Besides technical engineering problems, the real estate developer must deal with the volatile demand for real property and with constantly changing costs over the planning and construction periods. Real estate projects could be developed in many kinds. A few general concepts are common to their developments though each kind has its own unique set of characteristics (Brueggeman and Fisher, 2005). The typical development process is applicable to developing countries including Ghana and common to most categories of project development, but not at their management phase as shown in figure 1. Basically, a developer; acquires a site, develops the site and constructs building improvement, provides the finish-out and makes ready the space for occupancy by tenants, manages the property after completion, and may eventually sell the property. Specific risks are associated to all these phases. Accordingly, risk starts with land acquisition and steadily grows as construction begins until expected cash flow from leasing phase is materialised. The World Bank estimates that registering formal ownership/lease over a piece of unencumbered land in Ghana is the third longest registration process in the world (World Bank, 2004). Risk diminishes at management phase since tenants are committed to lease. The type of business strategy adopted by a developer dictates the exit period or selling time for the project and the economic success. A developer creates value by combining land and building improvements in a manner that is highly valued in excess of its cost, (ibid; pp 433-434).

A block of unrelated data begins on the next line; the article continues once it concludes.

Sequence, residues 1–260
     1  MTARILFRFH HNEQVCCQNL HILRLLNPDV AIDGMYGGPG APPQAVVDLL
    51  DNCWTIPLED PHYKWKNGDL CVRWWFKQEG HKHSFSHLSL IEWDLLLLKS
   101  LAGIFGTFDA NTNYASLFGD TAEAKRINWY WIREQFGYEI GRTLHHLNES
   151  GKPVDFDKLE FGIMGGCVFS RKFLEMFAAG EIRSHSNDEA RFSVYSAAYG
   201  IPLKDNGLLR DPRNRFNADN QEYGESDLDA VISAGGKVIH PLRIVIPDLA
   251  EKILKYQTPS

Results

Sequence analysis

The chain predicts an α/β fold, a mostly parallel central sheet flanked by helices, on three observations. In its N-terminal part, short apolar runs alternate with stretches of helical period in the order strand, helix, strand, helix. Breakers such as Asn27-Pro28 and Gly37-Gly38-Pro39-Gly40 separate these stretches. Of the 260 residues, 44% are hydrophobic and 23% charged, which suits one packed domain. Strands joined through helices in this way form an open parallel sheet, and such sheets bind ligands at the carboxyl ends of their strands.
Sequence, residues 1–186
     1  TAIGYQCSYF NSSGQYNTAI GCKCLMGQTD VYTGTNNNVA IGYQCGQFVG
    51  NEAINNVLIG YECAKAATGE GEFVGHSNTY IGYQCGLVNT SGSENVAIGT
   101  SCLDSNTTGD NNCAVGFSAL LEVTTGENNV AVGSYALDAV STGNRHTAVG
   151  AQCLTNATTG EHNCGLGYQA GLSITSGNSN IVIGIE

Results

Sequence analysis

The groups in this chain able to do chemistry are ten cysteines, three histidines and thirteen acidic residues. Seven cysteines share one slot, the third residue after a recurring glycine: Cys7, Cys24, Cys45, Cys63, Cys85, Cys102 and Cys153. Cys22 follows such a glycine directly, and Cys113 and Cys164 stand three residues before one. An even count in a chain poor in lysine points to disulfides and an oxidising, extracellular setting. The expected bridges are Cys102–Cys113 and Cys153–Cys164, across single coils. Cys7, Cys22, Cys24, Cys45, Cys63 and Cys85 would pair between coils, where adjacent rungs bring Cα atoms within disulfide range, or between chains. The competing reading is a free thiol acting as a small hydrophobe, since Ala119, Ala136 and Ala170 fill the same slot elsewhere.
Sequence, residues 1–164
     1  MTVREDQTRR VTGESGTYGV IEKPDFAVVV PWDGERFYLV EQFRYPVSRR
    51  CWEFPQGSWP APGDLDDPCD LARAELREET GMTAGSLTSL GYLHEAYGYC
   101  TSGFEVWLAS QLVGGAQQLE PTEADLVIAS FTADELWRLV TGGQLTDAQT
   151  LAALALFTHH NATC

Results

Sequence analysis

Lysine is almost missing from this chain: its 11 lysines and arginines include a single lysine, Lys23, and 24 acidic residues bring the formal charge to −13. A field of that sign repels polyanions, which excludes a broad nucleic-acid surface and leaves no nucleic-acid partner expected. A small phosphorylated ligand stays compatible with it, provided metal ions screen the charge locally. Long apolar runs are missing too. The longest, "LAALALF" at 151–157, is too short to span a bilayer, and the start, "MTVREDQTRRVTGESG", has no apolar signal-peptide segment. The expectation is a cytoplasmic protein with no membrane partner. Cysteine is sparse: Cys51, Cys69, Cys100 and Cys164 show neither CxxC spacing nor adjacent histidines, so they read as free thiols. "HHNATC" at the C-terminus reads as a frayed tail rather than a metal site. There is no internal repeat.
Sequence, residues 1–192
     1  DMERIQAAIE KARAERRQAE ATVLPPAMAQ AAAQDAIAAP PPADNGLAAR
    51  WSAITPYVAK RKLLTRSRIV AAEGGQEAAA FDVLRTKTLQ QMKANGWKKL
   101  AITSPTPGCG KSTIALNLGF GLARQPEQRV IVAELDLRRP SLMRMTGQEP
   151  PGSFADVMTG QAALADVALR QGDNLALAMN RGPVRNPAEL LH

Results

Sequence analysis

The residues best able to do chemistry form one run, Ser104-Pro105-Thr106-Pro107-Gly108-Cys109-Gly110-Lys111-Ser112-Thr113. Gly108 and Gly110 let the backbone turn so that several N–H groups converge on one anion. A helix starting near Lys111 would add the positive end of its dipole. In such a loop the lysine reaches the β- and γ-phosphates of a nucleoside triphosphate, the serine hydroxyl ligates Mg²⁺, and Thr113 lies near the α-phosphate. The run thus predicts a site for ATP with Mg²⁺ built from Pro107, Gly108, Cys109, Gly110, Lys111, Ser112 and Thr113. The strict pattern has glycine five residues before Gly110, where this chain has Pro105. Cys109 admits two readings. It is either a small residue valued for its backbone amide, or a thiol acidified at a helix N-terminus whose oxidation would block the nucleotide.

Furthermore, the business strategies of developers are broadly classified into three groups. Firstly, real estate developers who have leasing and management as integral part of their businesses in conjunction with the development role, have the minds of owning and managing the properties after completion. Secondly, some developers sell properties after completion, and hence, usually rely on outsourcing for other professionals. Thirdly, some developers also normally develop land and commercial properties such as parks and industrial parks for onward lease in a master-planned development. Many developers, in the nutshell, purposely specialise in one or many phases of property development, (ibid, 2008).

2.2 Theoretical Review

2.2.1 The Theory of Financial Leverage and Optimal Capital Structure